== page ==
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Pros are cons are often rather subjective, as for different people one thing I call a con may be considered a pro. So I’m just going to give you a general overview and let you figure it out which are pros and which are cons. Beware I only really mention features important to me as there’s so many features that if I had to describe them all in detail, this answer would be much longer. GNOME & KDE are the heavier desktops (greater CPU and RAM usage) with greater potential for bugs due to how many advanced, modern features they have and how subject to change (like new features being added, or things being removed, etc.) they are. One modern feature they have that neither MATE nor Xfce have is Wayland support. In fact, their Wayland support now is similar in quality to their Xorg support. I rather like GNOME 3’s interface, although it is unusual.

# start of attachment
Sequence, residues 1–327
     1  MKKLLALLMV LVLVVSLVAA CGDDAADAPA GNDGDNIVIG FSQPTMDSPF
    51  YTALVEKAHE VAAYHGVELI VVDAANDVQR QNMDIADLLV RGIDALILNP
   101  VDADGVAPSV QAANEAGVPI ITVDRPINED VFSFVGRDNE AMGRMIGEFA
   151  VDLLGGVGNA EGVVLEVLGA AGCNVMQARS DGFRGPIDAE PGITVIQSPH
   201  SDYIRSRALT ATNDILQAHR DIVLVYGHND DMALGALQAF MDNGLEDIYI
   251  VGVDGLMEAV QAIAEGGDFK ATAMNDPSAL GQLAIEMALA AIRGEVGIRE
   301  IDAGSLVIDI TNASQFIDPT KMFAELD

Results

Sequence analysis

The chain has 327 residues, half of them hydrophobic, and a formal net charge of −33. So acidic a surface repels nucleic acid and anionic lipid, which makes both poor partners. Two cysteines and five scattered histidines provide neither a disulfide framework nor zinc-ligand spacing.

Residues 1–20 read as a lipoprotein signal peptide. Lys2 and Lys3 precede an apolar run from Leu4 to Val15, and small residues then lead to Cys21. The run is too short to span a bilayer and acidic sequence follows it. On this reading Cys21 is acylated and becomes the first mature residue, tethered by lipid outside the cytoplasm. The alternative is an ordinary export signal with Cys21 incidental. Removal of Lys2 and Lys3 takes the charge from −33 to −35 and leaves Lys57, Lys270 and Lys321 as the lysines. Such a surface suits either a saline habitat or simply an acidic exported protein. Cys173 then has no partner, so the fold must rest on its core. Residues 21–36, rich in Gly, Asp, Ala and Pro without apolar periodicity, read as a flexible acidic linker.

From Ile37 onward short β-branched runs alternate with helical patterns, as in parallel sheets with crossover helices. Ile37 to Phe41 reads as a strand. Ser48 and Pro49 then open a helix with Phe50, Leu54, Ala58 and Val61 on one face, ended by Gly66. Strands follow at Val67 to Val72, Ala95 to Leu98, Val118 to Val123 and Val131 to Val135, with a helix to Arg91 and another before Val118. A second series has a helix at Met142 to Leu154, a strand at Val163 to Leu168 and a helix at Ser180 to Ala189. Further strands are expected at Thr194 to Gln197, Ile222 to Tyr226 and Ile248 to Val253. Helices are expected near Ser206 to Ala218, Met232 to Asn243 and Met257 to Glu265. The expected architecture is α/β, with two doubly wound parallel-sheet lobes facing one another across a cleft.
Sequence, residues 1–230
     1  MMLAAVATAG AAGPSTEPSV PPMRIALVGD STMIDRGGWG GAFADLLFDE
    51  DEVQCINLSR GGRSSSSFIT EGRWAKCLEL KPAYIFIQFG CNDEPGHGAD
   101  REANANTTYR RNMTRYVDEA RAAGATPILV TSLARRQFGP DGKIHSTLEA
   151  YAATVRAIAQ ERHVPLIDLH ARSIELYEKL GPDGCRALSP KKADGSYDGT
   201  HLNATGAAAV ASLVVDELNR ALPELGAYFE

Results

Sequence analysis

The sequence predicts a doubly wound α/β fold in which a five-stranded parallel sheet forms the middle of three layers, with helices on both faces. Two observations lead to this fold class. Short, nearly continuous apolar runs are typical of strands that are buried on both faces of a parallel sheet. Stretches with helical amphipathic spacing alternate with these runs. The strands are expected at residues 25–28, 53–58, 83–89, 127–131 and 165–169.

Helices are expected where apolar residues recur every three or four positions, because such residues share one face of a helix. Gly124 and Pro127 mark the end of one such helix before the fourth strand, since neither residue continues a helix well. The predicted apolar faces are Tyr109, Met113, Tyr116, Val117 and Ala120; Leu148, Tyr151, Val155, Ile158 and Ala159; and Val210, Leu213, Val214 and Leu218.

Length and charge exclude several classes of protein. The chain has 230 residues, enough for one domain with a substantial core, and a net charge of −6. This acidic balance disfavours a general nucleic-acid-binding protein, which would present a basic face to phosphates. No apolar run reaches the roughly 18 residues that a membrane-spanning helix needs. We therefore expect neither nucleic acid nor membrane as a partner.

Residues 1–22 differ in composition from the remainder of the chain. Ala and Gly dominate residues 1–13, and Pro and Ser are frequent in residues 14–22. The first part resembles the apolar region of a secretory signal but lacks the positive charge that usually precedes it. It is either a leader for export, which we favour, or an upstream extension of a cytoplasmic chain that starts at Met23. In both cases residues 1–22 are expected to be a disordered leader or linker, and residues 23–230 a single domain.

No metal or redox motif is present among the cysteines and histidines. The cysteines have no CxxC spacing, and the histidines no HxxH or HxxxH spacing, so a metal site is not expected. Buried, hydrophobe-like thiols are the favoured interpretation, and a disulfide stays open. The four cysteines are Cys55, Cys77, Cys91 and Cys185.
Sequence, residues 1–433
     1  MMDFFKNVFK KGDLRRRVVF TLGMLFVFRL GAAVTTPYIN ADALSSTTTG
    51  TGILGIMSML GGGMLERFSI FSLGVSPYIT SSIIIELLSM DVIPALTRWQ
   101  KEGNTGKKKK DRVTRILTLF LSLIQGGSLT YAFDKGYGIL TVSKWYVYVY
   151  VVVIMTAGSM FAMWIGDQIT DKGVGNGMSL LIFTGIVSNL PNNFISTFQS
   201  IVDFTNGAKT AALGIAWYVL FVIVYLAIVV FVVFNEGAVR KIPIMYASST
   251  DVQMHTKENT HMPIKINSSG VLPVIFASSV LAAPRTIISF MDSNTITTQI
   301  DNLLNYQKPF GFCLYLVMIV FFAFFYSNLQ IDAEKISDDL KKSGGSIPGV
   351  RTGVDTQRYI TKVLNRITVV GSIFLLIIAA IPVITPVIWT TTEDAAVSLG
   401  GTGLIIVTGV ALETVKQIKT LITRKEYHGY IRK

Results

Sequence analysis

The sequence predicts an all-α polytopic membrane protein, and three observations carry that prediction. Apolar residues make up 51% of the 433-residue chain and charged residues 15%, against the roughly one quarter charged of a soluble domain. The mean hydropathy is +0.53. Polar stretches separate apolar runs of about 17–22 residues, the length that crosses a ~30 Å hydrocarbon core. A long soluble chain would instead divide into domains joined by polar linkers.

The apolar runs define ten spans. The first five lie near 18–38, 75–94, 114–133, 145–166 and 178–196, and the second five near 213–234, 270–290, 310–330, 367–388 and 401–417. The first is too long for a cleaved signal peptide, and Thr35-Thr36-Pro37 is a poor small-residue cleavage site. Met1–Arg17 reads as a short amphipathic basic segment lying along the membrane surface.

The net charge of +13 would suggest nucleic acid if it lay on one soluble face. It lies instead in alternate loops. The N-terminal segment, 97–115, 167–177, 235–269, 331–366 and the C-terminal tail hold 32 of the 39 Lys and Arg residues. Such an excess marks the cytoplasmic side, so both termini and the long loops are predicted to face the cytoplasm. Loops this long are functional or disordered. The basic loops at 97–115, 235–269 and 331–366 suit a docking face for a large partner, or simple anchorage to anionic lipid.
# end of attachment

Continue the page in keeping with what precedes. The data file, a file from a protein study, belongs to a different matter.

It is so unusual, in fact, that many previously loyal GNOME users ditched GNOME in favour of other desktops when GNOME 3 was released in 2011. There was a lot of hate over this decision back then, in fact two forks of GNOME were made around that time in order to placate the disgruntled masses. These forks were Cinnamon (forked from GNOME 3) and MATE (forked from GNOME 2). One thing I like about GNOME 3’s interface is that you can search for anything you want from its activities overview; if you search for an application that is not installed it will provide, as of version 3.26, an option to install it from GNOME Software, its graphical front-end to package management. With an added extension you can even search the web with Google, or another search engine, from this overview. One way in which KDE and GNOME differ is in that KDE believes in giving users a heap of customization options, often in plain sight, but GNOME usually hides these options, so as to not overwhelm users with so many options. Some options are only available with the help of extensions (e.g. the clock of GNOME can only be completely customized using the “Clock Override” extension). GNOME always favours simplicity over configurability.